Hassan Hayat

State College, PA, United States

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Hassan Hayat
Posted over 3 years ago
In your opinion, what should the purpose of education be?
I feel that this conversation is beautiful and enlightening in many respects but I still feel a strong sense of vagueness about the answers. Rather, I feel like to pin down the whole issue further I'd like to tweak the question, if I may? In other words, in your opinion, what should the purpose of education not be? By this, I mean, what should the education not teach. Should it not teach morality? Should it not teach religion? Or perhaps, something I care about more deeply than the two previous questions, should it not teach how to pass exams designed by private for profit companies? This list is by no means exhaustive, but I just want to see if it is possible to list all the things one could trash from current education systems to just leave the essence of the teaching in the end.
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Hassan Hayat
Posted over 3 years ago
In addition to increasing income, what else should poverty eradication include?
Yes, I agree that private enterprise would be of great help but they need incentives to appear. Perhaps the best way to speed things up is by integrating micro finance in the whole equation. But my point is that you asked about the eradication of poverty and there is just so much that firms are willing to do for their communities. Granted, numerous companies do take initiatives with that respect, but in aggregate not enough. This is why I believe that non-profit organizations along with governments are key in the initial steps of such an endeavor, more so than private enterprise. For example, suppose you wanted to get a firm to invest near a small town you know to be hard hit by poverty. This can be whatever firm: car manufacturer, agricultural, renewable energies, you name it. This firm upon investing will take into consideration the physical capital at its disposal as well as the human capital. Let's assume there is the physical capital as in the place has strong illumination in the case of a solar power plant, or is very fertile in the case of a farm. In the case of the human capital, they'd rather hire locals than have to hire people from elsewhere and have to pay them the extra to go there, unless they'd have to train the locals. Now, granted companies do train locals but only when it suits them. So, how I see this is as I said earlier, first get the community to survive on its own and care for its own. Then train them by education. Then once that is done the companies will come on their own. (obviously, there should be micro finance not only in case the firms don't come but because it's always better) So maybe a decade has passed before these companies will start to appear, but I don't see any shortcuts. This is when I argue that in the grand scheme of things a decade is nothing in the face of the timeline of human poverty.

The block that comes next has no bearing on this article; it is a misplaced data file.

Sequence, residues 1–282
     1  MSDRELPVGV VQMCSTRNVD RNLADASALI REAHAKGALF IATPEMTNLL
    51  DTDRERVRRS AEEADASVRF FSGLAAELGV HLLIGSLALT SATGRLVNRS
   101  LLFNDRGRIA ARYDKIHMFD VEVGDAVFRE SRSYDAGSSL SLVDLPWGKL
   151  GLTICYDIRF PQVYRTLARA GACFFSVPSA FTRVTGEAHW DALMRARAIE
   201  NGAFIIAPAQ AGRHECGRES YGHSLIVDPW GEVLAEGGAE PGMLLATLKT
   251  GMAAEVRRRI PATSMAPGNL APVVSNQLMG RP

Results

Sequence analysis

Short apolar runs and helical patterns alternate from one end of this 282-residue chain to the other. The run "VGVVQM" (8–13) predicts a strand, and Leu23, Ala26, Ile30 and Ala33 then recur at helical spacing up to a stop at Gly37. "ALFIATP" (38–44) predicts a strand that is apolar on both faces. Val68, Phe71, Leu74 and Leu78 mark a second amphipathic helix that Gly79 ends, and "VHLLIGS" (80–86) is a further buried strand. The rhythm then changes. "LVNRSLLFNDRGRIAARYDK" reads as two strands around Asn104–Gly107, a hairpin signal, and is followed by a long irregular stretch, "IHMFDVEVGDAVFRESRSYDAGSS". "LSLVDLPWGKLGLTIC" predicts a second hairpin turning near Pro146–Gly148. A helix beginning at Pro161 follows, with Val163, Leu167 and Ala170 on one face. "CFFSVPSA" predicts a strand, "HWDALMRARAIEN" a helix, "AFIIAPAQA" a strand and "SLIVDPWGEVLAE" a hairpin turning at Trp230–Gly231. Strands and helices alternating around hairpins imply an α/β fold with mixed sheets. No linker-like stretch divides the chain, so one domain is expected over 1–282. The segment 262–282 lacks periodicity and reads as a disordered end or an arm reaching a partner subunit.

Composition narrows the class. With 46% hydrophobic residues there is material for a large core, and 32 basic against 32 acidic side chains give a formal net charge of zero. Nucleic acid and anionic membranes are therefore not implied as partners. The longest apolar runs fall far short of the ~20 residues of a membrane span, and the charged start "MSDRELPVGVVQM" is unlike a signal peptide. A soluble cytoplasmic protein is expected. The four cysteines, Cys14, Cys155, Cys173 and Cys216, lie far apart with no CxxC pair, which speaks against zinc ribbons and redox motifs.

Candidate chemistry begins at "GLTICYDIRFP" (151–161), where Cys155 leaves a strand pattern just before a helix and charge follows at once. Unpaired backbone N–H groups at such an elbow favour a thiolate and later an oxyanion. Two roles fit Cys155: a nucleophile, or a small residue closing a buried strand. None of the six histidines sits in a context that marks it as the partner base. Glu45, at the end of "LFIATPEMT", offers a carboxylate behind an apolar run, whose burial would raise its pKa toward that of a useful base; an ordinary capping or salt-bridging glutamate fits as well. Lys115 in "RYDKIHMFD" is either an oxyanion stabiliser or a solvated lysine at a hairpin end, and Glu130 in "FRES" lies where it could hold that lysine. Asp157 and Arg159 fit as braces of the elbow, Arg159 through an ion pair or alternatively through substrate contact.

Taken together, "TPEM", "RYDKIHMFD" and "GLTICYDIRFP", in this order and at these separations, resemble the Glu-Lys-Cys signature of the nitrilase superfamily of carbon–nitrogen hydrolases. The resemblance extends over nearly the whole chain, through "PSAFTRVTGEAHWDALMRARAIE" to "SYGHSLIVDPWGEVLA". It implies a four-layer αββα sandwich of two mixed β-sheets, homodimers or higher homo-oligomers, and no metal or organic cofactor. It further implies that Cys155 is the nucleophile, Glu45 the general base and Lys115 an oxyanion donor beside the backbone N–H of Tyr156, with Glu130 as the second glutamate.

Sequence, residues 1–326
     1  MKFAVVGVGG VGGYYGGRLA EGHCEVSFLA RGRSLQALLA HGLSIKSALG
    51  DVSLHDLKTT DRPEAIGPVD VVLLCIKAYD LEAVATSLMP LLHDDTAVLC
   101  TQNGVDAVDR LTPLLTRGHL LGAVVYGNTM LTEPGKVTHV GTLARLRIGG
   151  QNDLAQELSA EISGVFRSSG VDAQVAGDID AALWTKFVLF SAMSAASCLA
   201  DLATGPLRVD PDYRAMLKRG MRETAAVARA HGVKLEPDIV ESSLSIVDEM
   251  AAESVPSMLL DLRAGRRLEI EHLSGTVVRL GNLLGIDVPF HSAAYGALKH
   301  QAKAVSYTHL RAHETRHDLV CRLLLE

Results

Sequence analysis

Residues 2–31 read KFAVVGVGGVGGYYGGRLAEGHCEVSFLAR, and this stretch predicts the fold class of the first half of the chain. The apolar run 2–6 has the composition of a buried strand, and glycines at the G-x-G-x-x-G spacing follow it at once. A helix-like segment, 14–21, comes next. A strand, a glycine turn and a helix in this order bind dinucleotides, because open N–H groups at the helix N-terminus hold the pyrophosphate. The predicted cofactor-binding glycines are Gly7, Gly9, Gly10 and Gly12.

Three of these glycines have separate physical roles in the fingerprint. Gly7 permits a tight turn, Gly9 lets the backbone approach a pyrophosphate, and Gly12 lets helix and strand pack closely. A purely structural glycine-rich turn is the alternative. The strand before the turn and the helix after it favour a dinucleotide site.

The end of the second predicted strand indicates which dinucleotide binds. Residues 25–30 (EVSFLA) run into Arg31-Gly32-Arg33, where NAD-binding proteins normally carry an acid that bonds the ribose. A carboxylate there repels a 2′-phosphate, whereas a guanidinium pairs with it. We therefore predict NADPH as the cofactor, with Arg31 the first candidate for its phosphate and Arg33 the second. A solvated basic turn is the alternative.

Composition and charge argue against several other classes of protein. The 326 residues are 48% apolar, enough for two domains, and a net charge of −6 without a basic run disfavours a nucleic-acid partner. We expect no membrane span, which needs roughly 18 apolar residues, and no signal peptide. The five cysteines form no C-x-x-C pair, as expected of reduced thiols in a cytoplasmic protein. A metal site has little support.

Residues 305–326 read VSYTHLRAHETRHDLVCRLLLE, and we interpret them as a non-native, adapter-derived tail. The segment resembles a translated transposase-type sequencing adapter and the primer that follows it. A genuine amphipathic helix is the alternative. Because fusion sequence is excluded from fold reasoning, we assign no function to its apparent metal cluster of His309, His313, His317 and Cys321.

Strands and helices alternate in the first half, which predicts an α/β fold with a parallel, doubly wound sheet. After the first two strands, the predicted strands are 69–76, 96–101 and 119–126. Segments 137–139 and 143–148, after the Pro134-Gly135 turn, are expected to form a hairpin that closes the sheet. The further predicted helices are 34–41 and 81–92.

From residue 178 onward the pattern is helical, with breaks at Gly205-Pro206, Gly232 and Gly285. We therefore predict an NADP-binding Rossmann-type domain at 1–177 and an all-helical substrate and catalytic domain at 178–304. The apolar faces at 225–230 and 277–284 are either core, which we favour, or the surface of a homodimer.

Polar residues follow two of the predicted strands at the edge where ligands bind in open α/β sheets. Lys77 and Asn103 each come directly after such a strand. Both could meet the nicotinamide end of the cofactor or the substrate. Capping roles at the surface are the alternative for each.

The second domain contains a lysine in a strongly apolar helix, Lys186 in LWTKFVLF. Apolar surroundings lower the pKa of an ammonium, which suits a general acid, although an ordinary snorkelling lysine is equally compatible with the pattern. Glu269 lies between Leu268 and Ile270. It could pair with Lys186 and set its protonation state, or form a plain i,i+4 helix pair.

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Hassan Hayat
Posted over 3 years ago
In addition to increasing income, what else should poverty eradication include?
I believe that income is secondary in the whole issue. The main problem when it comes eradicate poverty is to allow for an environment that makes survival a non-issue. Only when this is achieved, then increasing GDP per capita, literacy rate, and so on make sense. This means that there are two fronts in which to attack the issue. The first is safe access to food and water, the second is safe access to health care. By safe, I mean no strings attached: the access to both resources should only have as price labor, nothing else. The problem nowadays with donations and charity organizations, is that the solutions are usually temporary, as in a one (or countably many) time supply of food and medicine. Yet, the goal is to allow for a given society to thrive. Therefore, one should look at how to make any given society care for itself. This implies educating doctors and teaching effective agricultural techniques in given societies. Only then can one look at encouraging other forms of education and entrepreneurship for trade and thus achieve the self-sufficiency needed to trade for medicine and then improve on living standards. It does seem like a herculean task because it involves ensuring the safety of these communities and the education of the people involved but in the long term the effort should, at least in theory, be rewarded more effectively that the traditional kicking the can down the road method of just donating. But the only way to attack such a task is to unite nonprofit organizations with governments in order to allocate the manpower to do all the educating and protecting.